About The Prize

The US $25,000 DSC Prize for South Asian Literature is an international literary award specifically focused on South Asian fiction writing. It was instituted in 2010 by Surina Narula and Manhad Narula and over the last decade has emerged as one of the most definitive and prestigious literary prizes that highlights, rewards and helps shape the literature of this region. Its definition of South Asia includes India, Pakistan, Sri Lanka, Bangladesh, Bhutan, Myanmar, Nepal, Maldives, and Afghanistan and it encourages writing about this region, its people and its cultures. It also supports the writing in the local languages of these South Asian countries as translations from these languages into English are eligible for the prize. 

THE VISION BEHIND THE DSC PRIZE

The DSC Prize celebrates the rich and varied world of South Asian literature by highlighting the achievements of writers writing about this region, and thereby raises the awareness of South Asian literature and culture around the world. Its key vision is to showcase and reward the immense talent writing about the South Asian region and present it to a global audience. It does so by being a truly global prize without any boundaries - in the sense that it is open to authors of any nationality or ethnicity and publishers from all countries can participate as long as the writing is about South Asia and its people. It is also committed to encouraging writing in regional languages and translations, and the prize money is shared equally between the author and the translator when a translated entry wins.

THE SOUTH ASIAN ESSENCE

In line with its South Asian essence, the DSC Prize is peripatetic in nature and travels to different South Asian countries to understand and support their literary initiatives. It does so by hosting its award ceremony in various South Asian countries by rotation. The winners of the last four editions of the DSC Prize have been announced at the Galle Literary Festival in Sri Lanka in 2016, at the Dhaka Lit Fest in Bangladesh in 2017, at the Kolkata Literary Meet in India in 2018 and at the Nepal Literature Festival in Nepal in 2019.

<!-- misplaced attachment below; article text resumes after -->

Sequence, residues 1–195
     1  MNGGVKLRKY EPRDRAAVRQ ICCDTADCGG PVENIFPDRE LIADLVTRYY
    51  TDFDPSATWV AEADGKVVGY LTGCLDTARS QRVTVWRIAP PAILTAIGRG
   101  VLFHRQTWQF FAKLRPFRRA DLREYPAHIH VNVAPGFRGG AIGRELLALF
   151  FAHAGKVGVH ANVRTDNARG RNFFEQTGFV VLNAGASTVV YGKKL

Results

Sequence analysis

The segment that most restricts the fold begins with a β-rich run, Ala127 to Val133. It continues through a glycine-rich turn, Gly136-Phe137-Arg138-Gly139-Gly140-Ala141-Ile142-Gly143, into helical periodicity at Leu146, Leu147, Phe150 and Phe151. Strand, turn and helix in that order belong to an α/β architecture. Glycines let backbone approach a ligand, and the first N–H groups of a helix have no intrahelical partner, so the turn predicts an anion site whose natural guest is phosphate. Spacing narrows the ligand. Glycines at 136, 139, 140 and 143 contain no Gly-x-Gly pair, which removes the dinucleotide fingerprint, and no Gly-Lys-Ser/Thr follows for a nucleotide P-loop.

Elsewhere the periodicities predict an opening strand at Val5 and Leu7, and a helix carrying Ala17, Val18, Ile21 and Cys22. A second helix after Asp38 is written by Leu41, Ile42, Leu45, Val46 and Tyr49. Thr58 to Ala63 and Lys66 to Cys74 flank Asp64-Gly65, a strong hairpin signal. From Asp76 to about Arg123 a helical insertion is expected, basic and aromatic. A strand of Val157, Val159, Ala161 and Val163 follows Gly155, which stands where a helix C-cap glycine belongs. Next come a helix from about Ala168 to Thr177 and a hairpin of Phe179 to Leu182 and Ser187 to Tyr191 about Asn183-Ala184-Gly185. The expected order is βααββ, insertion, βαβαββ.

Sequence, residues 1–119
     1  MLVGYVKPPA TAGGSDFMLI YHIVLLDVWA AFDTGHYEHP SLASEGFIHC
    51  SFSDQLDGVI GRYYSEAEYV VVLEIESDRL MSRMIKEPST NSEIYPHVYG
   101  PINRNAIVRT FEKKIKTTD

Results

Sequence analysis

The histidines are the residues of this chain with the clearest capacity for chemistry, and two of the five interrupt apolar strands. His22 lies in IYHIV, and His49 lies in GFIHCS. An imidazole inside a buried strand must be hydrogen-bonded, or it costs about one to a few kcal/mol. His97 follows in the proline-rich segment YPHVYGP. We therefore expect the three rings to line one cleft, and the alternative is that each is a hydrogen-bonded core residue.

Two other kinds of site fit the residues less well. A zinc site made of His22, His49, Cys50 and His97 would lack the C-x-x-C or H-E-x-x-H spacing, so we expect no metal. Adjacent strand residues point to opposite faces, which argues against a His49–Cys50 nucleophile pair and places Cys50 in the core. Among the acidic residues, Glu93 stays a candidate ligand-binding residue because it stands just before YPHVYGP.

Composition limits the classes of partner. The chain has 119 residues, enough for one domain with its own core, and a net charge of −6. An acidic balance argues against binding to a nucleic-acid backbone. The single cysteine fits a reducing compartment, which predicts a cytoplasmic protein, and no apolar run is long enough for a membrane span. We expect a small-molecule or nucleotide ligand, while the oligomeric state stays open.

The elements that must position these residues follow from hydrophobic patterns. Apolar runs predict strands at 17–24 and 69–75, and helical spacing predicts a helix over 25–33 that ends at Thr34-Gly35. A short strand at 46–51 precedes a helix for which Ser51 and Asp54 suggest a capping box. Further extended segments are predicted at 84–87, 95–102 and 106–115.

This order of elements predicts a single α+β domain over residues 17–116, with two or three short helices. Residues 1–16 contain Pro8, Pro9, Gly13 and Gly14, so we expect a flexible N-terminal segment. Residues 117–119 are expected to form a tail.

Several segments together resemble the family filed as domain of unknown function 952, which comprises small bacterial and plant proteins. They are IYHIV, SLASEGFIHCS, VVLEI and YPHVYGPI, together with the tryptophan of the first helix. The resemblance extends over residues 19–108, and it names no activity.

The Prize has been successful in bringing South Asian writing to a larger world-wide forum as its winners have gone on to be published internationally to reach a wider global audience. Past winners of  the prize have been H M Naqvi of Pakistan, Shehan Karunatilaka of Sri Lanka, Jeet Thayil and Cyrus Mistry from India, American author of Indian origin Jhumpa Lahiri, Anuradha Roy from India, Anuk Arudpragasam of Sri Lanka, Jayant Kaikini along with translator Tejaswini Niranjana of India, and Indian author Amitabha Bagchi who won the Prize last year.

 

ADMINISTRATION OF THE PRIZE

DSC Limited instituted the DSC Prize for South Asian Literature in 2010 to extend its patronage of literature and the arts, a cause it has been supporting for more than a decade. The prize is now administered by the South Asian Literature Prize & Events Trust.

The South Asian Literature Prize & Events Trust, which administers the DSC Prize for South Asian Literature, is focused on improving the quality of life in South Asian society. It believes that literature and education are crucial for the wellbeing of the people, and help create the opportunities that are required for life improvement. It highlights these issues by reaching out to different audiences through its various partnerships and initiatives. These include events revolving around charity work for the underprivileged, and literary forums to widen the conversation on South Asian writing.

The DSC Prize celebrates the rich and varied world of literature in this region and promotes the achievements of South Asian writers as well as writers of any ethnicity writing about South Asia and its many diasporas.

The DSC Prize carries an award of US $25,000 and over the last nine years, the prize has generated tremendous response in international literary forums.